Date of Award

6-27-2011

Document Type

Dissertation

Degree Name

Doctor of Philosophy (PhD)

Department

Communications Media

First Advisor

Mary Beth Leidman, Ed.D.

Second Advisor

Jay Start, Ph.D.

Third Advisor

Zachary Stiegler, Ph.D.

Abstract

This 40-item survey study evaluates perceptions of user generated content (UGC) as found on YouTube by undergraduate college students at Indiana University of Pennsylvania. A random sample of 182 volunteer undergraduate students over the age of 18 completed an online survey to investigate if less or more dependent users (as defined by fulfilled needs such as information seeking, entertainment, interpersonal utility, etc.) affected one's UGC aesthetic preferences of sound clarity, editing style, and other entertainment-based characteristics. The investigation is theoretically grounded by the Media Systems Dependency theory that suggests that as users become dependent upon a medium, they are more likely to become affected by that medium. T-test analyses compared users' dependency upon UGC with their ratings of likelihood to continue watching or stop watching UGC based on aesthetic quality issues. Results indicated differences between dependency levels concerning sound clarity, but not editing style. Results also showed that users rated entertainment-based UGC characteristics such as humor content as more important than any other characteristic, including aesthetics. These YouTube preferences for convenience and enjoyment rather than high-production mainstream media can provide insight to the changing online landscape.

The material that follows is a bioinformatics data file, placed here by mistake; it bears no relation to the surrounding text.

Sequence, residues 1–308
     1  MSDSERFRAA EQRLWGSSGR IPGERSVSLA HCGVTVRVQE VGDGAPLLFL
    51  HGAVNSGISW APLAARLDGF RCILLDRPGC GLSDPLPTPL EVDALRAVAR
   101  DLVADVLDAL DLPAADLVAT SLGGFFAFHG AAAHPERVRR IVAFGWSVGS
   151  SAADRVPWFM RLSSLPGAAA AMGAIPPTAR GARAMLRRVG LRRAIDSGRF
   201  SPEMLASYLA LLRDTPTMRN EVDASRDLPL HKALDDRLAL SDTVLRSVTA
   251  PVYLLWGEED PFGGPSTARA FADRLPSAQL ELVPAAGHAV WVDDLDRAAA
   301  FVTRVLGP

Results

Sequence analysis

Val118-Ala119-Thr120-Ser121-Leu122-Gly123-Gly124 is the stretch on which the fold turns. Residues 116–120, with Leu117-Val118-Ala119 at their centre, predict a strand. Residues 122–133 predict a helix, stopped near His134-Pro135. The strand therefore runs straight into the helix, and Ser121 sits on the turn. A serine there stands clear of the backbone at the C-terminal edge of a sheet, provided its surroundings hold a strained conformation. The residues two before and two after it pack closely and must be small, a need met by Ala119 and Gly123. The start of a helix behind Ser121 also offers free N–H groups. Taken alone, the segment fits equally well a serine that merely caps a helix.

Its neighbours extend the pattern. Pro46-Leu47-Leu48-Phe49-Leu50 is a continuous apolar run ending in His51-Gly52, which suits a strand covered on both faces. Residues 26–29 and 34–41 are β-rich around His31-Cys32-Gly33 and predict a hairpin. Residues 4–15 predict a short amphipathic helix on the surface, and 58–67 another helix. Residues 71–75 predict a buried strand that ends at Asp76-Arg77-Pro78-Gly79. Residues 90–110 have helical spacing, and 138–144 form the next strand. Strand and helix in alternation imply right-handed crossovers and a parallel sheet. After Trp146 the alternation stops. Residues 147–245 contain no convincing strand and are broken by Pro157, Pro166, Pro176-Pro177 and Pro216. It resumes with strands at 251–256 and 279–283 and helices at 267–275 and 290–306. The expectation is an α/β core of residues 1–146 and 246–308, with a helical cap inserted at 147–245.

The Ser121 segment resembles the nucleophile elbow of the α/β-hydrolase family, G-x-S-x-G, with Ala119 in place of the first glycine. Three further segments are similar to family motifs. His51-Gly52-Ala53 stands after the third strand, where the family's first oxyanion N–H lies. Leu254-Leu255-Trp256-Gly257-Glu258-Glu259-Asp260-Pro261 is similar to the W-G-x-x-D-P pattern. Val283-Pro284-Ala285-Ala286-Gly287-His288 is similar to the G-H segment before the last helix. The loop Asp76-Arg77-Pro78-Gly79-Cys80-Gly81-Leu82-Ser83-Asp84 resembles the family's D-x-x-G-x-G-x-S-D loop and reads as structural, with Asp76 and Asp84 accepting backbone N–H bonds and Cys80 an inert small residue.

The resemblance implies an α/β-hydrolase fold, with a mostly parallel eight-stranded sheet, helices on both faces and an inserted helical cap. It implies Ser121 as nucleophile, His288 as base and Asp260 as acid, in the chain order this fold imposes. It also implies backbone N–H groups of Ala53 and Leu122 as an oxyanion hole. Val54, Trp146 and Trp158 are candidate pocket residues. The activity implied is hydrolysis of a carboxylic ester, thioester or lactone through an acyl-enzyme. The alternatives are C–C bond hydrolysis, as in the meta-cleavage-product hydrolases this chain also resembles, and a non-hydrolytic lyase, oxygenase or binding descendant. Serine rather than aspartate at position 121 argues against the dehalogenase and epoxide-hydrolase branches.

Share

COinS